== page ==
Thursday, July 9, 2009

Paris Part One


Paris is a beautiful city all wrought iron and massive wooden doors leading to quiet flower-filled courtyards. Everywhere you look svelte Parisian men and women navigate the narrow streets with either a baguette or a cell phone, or both, in hand. And yes they are impeccably dressed and gorgeous. Here in Paris one would never conceive of going into town in, say, one’s pantalon du jogging. It would be un catastrophe! Unfortunately for me I did not have quite the correct footwear for Paris (flip-flops) and so I must report a few scornful looks at my feet from various shopkeepers. I was also not prepared to drop 220 Euros on a pair of appropriate shoes so flip-flops it remained when we stepped out of our hotel for our first full day. We bought tickets for the hop-on hop-off open-top bus (also known as the ‘montez-descendez’ bus that takes you, it seems, absolutely everywhere and also includes a hop-on hop-off ‘bateau-bus’ on the Seine river. Very touristy but very effective if there are children involved.


Our first stop was the Louvre. This famous Paris landmark is free for kids and, at 9 Euros per adult, totally worth every penny. I think you would need an entire week to see everything in this place. As we did not have a week, I opted instead for the flash tour which covers all the major pieces (if you run) in about two hours. We started in the basement (I’m sure it’s not called the basement but whatever) where the remains of a medieval castle can be found. Then we sprinted up the stairs, passed Winged Victory, had a wave at the Venus de Milo (she didn’t wave back – hard without arms I guess), sprinted through several rooms full of priceless works of art and straight to the Italian Renaissance painters section to spend a few minutes with La Joconde aka the Mona Lisa.

DSC03954 DSC03963

This was Zoë and Jacob’s main reason to come to the Louvre (I didn’t want to tell them that it’s everyone’s reason) and they were suitably impressed despite being disappointed that it is behind glass. After that it was pretty much all over as I tried desperately to interest them in a few other key pieces like some of Michelangelo’s sculptures (les captifs) and some other stuff by art heavyweights Renoir and Vermeer but they were pretty much done. I’m not sure if you’ve been to the Louvre but you have to go through one amazing room after another to get anywhere and lets face it after a while one 2000 year old roman bust staring at you through blank eyes looks pretty much like the next one. We ended the visit with lunch on the terrace over looking the square (very nice – look for the Café Mollien if you go) and a mad dash round the gift shop which is not a gift shop (as such) so much as a museum with price tags. Things were not cheap is what I’m trying to say. It was a great visit, if fleeting, but actually not a bad way to see some of the world’s best art, with children, in less than 100 minutes.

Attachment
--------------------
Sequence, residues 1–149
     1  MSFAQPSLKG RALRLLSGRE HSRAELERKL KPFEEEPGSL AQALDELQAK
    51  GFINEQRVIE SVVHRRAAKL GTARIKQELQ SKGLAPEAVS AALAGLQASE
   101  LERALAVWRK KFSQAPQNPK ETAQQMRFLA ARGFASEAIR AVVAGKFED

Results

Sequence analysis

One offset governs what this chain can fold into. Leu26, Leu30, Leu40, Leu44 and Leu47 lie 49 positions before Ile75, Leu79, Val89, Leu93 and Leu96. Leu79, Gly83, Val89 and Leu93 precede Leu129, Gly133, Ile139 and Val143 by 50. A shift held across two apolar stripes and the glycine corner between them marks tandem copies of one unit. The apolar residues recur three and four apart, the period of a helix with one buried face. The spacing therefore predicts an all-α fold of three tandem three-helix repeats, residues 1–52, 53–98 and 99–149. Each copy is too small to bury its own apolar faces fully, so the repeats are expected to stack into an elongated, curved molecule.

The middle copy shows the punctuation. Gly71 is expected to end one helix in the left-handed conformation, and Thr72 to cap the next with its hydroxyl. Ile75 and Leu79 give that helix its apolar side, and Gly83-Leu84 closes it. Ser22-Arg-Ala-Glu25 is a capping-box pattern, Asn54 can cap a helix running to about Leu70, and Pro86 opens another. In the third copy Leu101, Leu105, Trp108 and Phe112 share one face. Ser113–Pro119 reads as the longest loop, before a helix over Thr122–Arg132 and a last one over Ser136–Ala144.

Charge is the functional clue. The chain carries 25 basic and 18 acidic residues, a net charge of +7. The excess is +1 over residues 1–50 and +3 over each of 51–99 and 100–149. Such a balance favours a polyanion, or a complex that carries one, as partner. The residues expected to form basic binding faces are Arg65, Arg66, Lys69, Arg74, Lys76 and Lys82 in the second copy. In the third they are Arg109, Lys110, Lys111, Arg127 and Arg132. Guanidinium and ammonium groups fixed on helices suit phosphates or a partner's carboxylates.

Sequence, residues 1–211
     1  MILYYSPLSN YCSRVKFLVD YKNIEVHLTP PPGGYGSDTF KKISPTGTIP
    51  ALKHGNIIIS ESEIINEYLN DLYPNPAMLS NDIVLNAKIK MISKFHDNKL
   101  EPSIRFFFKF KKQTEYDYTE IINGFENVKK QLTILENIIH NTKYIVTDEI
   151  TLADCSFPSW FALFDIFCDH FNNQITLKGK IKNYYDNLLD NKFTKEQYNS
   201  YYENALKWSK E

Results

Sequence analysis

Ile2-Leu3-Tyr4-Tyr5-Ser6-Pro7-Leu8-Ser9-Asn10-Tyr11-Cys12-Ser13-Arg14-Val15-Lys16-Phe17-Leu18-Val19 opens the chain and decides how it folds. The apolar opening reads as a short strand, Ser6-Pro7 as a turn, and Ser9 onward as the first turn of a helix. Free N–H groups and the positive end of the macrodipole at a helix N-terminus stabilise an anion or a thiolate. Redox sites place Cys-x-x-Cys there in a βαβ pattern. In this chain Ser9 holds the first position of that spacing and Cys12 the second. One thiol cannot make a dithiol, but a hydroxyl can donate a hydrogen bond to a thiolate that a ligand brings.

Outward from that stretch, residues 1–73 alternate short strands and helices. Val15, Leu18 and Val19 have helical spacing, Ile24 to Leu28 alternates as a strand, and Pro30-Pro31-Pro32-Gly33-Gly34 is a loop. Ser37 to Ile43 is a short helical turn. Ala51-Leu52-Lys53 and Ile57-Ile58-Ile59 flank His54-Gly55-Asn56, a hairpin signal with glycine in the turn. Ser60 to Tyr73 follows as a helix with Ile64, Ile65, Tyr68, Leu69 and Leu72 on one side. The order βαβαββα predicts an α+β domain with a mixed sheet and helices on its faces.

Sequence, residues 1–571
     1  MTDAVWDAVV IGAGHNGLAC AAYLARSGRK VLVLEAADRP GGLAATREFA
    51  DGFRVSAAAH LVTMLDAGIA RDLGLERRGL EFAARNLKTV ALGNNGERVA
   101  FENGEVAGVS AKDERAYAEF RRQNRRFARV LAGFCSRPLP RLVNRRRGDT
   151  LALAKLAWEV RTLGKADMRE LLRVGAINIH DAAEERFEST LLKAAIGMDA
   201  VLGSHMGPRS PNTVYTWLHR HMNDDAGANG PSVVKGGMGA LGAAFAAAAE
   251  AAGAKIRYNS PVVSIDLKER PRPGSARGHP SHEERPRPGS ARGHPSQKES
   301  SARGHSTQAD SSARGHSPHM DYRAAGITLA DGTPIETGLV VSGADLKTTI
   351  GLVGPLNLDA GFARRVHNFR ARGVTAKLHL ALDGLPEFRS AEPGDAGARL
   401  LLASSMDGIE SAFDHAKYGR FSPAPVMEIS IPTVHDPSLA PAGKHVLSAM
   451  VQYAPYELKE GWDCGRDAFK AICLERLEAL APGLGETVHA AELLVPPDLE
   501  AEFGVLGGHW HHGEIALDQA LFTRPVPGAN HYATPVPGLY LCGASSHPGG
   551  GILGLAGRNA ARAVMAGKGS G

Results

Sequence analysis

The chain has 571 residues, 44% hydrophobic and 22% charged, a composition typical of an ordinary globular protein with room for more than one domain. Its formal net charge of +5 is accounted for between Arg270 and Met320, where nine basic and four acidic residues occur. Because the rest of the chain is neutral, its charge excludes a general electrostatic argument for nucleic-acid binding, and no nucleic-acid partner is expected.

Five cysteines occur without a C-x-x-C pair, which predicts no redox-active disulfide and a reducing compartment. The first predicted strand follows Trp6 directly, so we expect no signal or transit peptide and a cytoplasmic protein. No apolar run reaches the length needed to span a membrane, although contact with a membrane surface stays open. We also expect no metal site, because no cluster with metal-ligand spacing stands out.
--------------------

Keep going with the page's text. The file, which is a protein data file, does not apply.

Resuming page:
The rest of the day was taken up with a somewhat unsuccessful visit to the Eiffel Tower where we waited inline for an hour before realizing that it would be at least another hour and to be honest I wasn’t that thrilled about having to watch my children plunge to their death from the top of the Tower anyway. So we ducked and weaved our way through the Gypsies who seem to live there and made for the Jardin de Tuilleries where we had spotted a fair the day before. It was actually one of the better fairs I have encountered and we spent a few fun hours eating Parisian hotdogs (in a baguette of course), playing carnival games and going on rides including a huge Ferris wheel that you will be pleased to hear I went on (after Jacob told me to ‘Just suck it up mum and get on the frickin’ Ferris wheel’. It was a beautiful night and the view from the top was awesome. Or what I saw of it through eyes clenched tightly shut and blurred with sweat. I’m sure I left a nice handprint on the solid steel of the ‘cage’ we were in as well. Regardless, I actually enjoyed the experience. Sort of. We all fell into bed at 11pm and slept very deeply indeed.

DSC03987 DSC04015 DSC03941

No comments:

Post a Comment